Historical Reprints Simon Magnus

Simon Magnus

Simon Magnus
Catalog # SKU1036
Publisher TGS Publishing
Weight 1.00 lbs
Author Name G. R. S. Mead


Simon Magus

by G.R.S. Mead

Everybody in Christendom has heard of Simon, the magician, and how Peter, the apostle, rebuked him, as told in the narrative of the Acts of the Apostles. Many also have heard the legend of how at Rome this wicked sorcerer endeavoured to fly by aid of the demons, and how Peter caused him to fall headlong and thus miserably perish. And so most think that there is an end of the matter, and either cast their mite of pity or contempt at the memory of Simon, or laugh at the whole matter as the invention of superstition or the imagination of religious fanaticism, according as their respective beliefs may be in orthodoxy or materialism. This for the general.


Now a certain fellow by name Simon had been previously in the city practising magic and driving the people of Samaria out of their wits, saying that he was some great one; to whom all from small to great gave heed, saying: "This man is the Power of God which is called Great." And they gave heed to him, owing to his having driven them out of their wits for a long time by his magic arts. But when they believed on Philip preaching about the Kingdom of God and the Name of Jesus Christ, they began to be baptized, both men and women. And Simon himself also believed, and after being baptized remained constantly with Philip; and was driven out of his wits on seeing the signs and great wonders that took place.

And the apostles in Jerusalem hearing that Samaria had received the Word of God, sent Peter and John to them. And they went down and prayed for them, that they might receive the Holy Spirit. For as yet it had not fallen upon any of them, but they had only been baptized unto the Name of the Lord Jesus.

Then they laid their hands on them, and they received the Holy Spirit. And when Simon saw that the Holy Spirit was given by the laying on of the hands of the apostles, he offered them money, saying: "Give unto me also this power, in order that on whomsoever I lay my hands he may receive the Holy Spirit."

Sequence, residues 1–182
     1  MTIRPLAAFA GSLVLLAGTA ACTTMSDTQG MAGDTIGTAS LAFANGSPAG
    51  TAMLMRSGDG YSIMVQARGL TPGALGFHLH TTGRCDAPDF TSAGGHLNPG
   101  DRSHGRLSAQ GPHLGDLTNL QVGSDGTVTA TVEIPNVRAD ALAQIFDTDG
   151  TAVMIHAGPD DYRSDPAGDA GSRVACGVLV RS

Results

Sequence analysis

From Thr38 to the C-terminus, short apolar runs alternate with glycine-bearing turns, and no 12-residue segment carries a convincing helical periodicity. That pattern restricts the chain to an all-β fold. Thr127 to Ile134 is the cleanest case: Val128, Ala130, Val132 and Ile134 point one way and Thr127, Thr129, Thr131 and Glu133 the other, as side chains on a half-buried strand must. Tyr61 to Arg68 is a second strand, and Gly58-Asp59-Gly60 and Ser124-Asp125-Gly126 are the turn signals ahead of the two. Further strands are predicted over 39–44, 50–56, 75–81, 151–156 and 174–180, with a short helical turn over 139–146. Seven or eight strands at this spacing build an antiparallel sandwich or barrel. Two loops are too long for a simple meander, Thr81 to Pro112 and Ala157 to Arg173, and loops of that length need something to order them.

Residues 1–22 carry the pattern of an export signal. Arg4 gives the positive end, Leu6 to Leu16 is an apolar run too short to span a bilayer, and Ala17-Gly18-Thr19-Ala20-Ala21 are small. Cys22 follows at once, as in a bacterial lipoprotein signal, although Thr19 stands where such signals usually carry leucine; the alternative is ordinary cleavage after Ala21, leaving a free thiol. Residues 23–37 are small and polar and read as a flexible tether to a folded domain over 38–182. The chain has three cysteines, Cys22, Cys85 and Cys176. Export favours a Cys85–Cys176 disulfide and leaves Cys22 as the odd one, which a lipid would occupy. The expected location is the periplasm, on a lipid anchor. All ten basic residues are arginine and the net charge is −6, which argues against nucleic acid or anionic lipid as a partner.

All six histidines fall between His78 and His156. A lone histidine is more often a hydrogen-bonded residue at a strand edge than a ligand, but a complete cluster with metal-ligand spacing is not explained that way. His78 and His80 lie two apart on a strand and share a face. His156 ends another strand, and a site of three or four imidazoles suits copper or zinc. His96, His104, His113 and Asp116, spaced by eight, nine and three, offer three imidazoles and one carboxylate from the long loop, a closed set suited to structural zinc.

. Simon was a Samaritan, the notorious magician of whom Luke the disciple and adherent of the apostles says: "But there was a fellow by name Simon, who had previously practised the art of magic in their state, and led away the people of the Samaritans, saying that he was some great one, to whom they all listened, from the small to the great, saying: 'He is the Power of God, which is called Great.' Now they gave heed to him because he had driven them out of their wits by his magical phenomena."

This Simon, therefore, pretended to be a believer, thinking that the apostles also wrought their cures by magic and not by the power of God; and supposing that their filling with the Holy Spirit by the laying on of hands those who believed in God, through that Christ Jesus who was being preached by them-that this was effected by some superior magical knowledge, and offering money to the apostles, so that he also might obtain the power of giving the Holy Spirit to whomsoever he would, he received this answer from Peter: "Thy money perish with thee, since thou hast thought that the gift of God is obtained possession of with money; for thee there is neither part nor lot in this Word, for thy heart is not right before God. For I see thou art in the gall of bitterness and the bond of iniquity."

Paperback, 5 x 8, 100+ pages


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